In the last two years, five bloggers (variously identifying as humanist, rationalist, atheist, and variously writing about science, humanist values, against Islamist extremism, or in favour of human rights and justice) have been murdered, hacked to death by assailants acting for fundamentalist militant groups (according to their own claims of responsibility). These victims are: Ahmed Rajib Haider, the science author Avijit Roy, Washiqur Rahman Babu, Ananta Bijoy Das, and Niladri Chatterjee (pen name Niloy Neel). Four of these murders have occurred since February this year. In other cases, individuals like Jafar Munshi and Anjali Devi have been killed for alleged or perceived acts of ‘defamation of religion’, such as refusing to enforce hijab on students. And since 2013, supporters of the Shahbag movement and the war crimes justice process (the accused being Islamist leaders) have also been brutally murdered by similar Islamist entities. The victims include: Ashraful Alam, Arif Raihan Deep, Nurul Islam Faruki, Jagat Jyoti Talukder, Jakaria Babu.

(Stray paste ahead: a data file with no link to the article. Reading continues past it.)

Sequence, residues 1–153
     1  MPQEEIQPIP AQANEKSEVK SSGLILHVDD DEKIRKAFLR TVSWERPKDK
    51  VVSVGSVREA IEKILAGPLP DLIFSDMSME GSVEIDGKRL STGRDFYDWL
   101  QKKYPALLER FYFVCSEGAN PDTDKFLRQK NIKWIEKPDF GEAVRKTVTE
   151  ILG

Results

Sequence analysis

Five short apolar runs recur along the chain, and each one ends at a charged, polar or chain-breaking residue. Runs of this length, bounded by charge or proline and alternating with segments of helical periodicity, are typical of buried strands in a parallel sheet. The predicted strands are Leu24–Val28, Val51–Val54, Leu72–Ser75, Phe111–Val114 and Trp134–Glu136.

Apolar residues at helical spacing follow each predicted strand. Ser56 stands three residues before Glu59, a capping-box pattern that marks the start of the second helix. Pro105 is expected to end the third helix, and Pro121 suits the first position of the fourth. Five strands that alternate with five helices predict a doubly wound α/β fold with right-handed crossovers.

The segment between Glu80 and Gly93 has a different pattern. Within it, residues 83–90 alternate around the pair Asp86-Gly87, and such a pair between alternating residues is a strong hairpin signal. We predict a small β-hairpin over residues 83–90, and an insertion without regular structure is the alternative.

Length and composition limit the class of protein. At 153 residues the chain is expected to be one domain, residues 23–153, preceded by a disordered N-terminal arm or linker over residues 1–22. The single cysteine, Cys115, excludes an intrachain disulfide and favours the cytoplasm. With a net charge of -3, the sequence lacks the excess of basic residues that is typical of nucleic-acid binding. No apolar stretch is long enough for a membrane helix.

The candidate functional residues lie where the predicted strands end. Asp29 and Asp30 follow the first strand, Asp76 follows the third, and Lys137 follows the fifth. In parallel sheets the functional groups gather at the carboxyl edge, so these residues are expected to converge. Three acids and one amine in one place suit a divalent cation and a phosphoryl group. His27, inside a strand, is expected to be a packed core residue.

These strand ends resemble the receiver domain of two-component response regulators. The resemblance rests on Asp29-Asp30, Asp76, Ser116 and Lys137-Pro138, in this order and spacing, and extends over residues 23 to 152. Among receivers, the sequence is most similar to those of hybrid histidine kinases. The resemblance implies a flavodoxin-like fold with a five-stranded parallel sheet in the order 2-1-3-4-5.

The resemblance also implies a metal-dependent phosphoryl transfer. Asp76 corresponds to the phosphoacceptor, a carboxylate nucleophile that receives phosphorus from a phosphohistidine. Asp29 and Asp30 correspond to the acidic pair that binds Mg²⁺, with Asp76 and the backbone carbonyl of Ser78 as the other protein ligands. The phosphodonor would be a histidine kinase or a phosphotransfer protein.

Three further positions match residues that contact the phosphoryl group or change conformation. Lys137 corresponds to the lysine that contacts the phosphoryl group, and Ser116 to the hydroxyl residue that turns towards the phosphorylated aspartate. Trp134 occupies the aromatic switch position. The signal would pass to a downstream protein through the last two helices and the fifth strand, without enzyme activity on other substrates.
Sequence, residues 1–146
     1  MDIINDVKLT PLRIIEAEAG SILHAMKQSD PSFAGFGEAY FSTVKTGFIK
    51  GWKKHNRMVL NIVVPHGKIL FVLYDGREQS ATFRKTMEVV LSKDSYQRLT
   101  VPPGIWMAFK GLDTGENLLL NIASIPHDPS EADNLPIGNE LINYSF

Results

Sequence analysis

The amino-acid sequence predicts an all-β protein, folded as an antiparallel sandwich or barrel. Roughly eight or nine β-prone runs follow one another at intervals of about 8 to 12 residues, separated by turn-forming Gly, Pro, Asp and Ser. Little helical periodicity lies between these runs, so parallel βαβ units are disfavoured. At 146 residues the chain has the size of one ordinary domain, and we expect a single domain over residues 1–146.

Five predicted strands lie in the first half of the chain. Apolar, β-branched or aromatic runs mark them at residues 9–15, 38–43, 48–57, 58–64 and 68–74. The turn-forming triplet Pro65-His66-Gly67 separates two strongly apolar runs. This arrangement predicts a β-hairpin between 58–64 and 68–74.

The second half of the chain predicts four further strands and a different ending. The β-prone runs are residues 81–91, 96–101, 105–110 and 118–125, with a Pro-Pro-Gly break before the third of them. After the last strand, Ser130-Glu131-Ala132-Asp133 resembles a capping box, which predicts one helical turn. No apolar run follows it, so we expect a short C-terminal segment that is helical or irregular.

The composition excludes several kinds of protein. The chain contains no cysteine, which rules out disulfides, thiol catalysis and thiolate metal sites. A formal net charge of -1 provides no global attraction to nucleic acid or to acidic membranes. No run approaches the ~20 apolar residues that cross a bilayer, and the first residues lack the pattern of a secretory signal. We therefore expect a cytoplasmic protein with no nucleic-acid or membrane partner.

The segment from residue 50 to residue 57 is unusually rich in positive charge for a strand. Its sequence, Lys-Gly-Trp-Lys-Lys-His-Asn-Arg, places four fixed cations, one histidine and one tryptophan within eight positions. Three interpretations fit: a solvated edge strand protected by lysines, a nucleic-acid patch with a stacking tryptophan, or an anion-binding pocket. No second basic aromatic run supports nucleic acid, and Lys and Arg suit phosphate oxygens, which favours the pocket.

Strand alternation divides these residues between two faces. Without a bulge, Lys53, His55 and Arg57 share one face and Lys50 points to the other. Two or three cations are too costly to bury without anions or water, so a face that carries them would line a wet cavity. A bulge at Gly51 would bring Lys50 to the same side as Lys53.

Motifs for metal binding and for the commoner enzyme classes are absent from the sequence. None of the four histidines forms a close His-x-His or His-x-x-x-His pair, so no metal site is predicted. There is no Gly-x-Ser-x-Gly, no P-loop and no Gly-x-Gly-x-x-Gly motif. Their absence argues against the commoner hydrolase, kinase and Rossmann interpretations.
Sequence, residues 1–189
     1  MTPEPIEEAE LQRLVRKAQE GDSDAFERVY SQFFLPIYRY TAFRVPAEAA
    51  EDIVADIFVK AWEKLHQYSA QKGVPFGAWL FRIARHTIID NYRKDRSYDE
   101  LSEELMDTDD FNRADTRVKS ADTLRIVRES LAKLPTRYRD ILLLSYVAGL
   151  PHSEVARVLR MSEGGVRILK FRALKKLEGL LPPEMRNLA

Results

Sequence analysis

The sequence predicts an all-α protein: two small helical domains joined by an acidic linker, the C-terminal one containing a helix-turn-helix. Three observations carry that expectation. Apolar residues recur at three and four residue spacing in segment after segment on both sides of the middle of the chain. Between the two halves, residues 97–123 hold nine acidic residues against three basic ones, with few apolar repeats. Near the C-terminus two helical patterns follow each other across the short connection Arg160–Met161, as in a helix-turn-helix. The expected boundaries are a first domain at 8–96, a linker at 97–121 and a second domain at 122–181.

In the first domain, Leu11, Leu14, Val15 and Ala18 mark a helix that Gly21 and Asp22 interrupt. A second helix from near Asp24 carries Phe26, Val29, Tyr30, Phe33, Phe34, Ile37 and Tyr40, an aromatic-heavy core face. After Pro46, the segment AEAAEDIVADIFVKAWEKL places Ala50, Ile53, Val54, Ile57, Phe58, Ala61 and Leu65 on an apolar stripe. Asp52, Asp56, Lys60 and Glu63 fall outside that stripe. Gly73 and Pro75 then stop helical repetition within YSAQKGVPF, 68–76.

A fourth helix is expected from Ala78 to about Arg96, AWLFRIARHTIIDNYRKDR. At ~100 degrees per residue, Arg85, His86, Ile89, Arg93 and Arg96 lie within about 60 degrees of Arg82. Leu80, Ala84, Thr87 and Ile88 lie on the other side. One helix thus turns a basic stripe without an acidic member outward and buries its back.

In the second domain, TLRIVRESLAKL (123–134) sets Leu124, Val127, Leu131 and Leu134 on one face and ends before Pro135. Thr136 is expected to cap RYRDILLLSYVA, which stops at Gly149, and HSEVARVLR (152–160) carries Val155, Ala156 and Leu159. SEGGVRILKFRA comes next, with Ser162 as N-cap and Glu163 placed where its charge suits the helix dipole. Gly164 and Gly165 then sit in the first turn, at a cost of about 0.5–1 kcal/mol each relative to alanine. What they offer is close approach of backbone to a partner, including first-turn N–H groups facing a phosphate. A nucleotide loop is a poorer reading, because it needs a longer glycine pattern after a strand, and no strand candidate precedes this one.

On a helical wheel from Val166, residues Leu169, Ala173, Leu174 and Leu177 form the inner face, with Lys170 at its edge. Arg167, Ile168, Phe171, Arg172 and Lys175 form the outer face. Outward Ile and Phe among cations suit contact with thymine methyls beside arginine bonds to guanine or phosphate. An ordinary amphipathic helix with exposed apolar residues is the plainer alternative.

The murderers and their ideological supporters are of course to be condemned and must be brought to justice.
In addition, instead of helping to confront this outrageous injustice, political and state institutions have begun blaming the victims themselves and making matters worse.